Food. The four letter word.
There, I said it.
Do you know what I’m talking about? Food as the nemesis. How many of us are trying to lose weight, dealing with sensitivities, or just plain eating healthy, and get tangled up in the ever changing diet environment? Losing your way in the maze is the easiest thing to do. Finding a beacon of light that guides you home can seem impossible, yet so hopeful.
Truthfully, the conflicting information around what to eat and what not to eat changes every day. If you spend time on your favorite social media channel you will come across new findings, old findings revoked, innovative new inventions, and the most outrageous new food scandals. You probably wouldn’t be able to get away from it if you tried.
When has a thing as natural as eating food become such a big deal, such a big controversy? You have vegans fighting with carnivores. Paleo followers scrutinizing raw foodies. Sometimes in a militant way.
Have you ever noticed how true followers of a certain path can get downright militant around expressing their views around nutrition? We are not talking about religious wars here, yet the intensity can be quite the same.
Food wars. Nutrition wars.
We’ve become so pre-occupied, so obsessed with what we eat that we forget to pay attention to how we eat.
There is a common sense factor in how we eat:
Stay away from GMO foods. They will kill you, eventually, and every living organism involved in the process. That’s just it.
If you are allergic or sensitive to certain foods, stay away from them. If you deal with an illness that gets worse with eating certain foods, stay away from it. It shouldn’t be that difficult. These are just common factors.
But then we take it to the extreme. Having heated discussions around meat or no meat. Carbs or no carbs. What about fats? And the coffee pooped out by squirrels (the animal is actually the Common Palm Civet, a weasel like animal) in Indonesia that’s the best brew you can have for breakfast?
Arguments around how much is too much and how little is still enough.
With all this conflicting information we are not even regarding the poor lost soul who is morbidly obese and has no idea where to even start because its just too much. It all has become too difficult.
Now food hurts. Eating injures us, on a spirit level. How did we let it get this far?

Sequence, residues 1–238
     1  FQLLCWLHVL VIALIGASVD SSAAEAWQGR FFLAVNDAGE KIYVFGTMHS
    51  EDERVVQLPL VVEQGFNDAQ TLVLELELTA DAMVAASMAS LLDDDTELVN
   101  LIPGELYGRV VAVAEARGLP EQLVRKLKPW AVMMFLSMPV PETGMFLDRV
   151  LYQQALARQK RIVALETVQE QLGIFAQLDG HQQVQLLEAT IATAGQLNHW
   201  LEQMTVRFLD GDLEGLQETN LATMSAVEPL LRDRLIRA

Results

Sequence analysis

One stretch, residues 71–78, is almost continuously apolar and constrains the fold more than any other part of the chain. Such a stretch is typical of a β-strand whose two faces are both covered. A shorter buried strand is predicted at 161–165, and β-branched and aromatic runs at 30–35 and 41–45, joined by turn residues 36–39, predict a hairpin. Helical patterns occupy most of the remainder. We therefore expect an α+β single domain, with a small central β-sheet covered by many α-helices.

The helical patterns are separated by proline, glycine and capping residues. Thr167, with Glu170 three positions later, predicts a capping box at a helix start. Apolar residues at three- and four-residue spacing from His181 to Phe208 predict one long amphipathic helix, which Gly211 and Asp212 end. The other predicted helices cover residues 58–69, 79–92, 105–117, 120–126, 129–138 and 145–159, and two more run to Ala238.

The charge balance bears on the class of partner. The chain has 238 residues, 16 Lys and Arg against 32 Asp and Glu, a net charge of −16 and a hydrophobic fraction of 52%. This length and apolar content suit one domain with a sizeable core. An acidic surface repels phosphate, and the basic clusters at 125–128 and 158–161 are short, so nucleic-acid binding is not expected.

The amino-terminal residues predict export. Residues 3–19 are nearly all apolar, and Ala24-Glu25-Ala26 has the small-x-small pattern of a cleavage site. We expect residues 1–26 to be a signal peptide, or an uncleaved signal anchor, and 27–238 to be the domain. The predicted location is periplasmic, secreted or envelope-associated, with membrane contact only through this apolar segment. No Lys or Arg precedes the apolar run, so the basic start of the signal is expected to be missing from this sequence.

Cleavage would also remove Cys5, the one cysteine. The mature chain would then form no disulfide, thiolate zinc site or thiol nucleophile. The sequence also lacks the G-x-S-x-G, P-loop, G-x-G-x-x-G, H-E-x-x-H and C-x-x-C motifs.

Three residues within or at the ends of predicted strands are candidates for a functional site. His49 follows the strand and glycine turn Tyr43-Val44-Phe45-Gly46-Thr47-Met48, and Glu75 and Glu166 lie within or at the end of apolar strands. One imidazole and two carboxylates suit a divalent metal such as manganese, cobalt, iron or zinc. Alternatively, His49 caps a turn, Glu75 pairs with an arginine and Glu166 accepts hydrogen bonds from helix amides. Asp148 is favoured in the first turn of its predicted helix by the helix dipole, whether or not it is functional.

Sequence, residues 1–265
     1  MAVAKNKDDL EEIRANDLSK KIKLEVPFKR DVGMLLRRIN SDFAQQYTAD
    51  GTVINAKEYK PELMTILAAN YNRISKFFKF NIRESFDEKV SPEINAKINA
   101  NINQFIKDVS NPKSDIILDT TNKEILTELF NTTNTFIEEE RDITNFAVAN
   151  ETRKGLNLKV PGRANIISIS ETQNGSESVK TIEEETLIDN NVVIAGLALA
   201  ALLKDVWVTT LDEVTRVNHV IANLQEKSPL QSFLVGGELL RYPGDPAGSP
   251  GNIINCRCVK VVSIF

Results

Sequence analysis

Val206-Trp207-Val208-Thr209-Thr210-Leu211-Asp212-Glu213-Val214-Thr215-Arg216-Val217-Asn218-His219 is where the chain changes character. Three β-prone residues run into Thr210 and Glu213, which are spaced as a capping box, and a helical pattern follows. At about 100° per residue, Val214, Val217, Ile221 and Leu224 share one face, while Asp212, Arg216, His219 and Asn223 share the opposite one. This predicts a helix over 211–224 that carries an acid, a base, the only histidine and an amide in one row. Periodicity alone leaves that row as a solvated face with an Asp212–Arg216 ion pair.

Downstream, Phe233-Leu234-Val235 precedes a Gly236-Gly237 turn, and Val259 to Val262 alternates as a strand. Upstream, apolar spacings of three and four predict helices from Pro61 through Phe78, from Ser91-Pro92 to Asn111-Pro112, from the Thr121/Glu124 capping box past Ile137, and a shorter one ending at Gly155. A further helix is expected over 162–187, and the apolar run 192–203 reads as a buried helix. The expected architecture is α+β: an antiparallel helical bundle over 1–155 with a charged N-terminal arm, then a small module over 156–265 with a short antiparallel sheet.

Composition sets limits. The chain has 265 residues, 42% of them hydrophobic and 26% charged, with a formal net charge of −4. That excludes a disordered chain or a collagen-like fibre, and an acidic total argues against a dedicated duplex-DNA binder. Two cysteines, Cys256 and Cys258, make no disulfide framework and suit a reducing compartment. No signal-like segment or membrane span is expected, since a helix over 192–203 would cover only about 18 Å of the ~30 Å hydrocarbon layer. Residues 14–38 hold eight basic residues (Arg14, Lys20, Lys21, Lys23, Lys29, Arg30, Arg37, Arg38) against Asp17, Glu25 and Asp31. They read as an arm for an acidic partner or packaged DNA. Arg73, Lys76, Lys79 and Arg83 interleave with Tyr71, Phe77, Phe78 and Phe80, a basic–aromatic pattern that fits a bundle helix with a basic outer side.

There are approaches that go back many thousands of years that tell you to eat when you are hungry. To stop eating before you are over full. They tell you to listen to your body and eat what your body wants you to eat. Your body, not your mind—your messed up mind that has too much information clutter in it to make a decision that will feed you, pun intended.
Do we even know when we are hungry? Most of us don’t. We’ve been trained to eat everything that’s on our plates, this goes back to war times and poverty, yet we are still hanging on to the behavior.
We’ve been trained to eat seven meals a day if we want to lose weight. Way to go to teach your body to burn food instead of fat. Not even thinking about your poor digestive system that never gets a chance to not overwork consistently.
When was the last time you were hungry? Felt truly hungry, that empty sensation in your tummy, a growling, a hollow feeling that is almost pleasant. You anticipate your next meal, your mouth starts watering. That kind of hunger. The good healthy kind of hunger.
You know you can go days without eating before you get sick and die, right? So what’s the constant rush, always stuffing our mouths with food, snacks, meals?
Don’t rush! Do this experiment.
Don’t eat until you are hungry. Feel the signs of being really hungry.
That means you haven’t had any food in four hours or more. Your stomach feels empty. You may hear a rumble. Your mouth starts to water when you think of food, but you are okay preparing it or waiting for it at the restaurant. You are aware of being hungry. And you are not scared because you know you won’t die if you don’t eat a big piece of cheese cake right this second.
You can wait. And then truly savor your food, enjoy every bite, maybe even show gratitude for where your food came from, who prepared it (if that was you be grateful for the time and care you put into the preparation).
You take your time, you enjoy the experience. And you feel satisfied in a way you haven’t felt in a long time—since the last time you were brave and let yourself go hungry.
This is when eating turns from self-punishment into a healing experience.
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Assist Ed: Ben Neal/Ed: Sara Crolick
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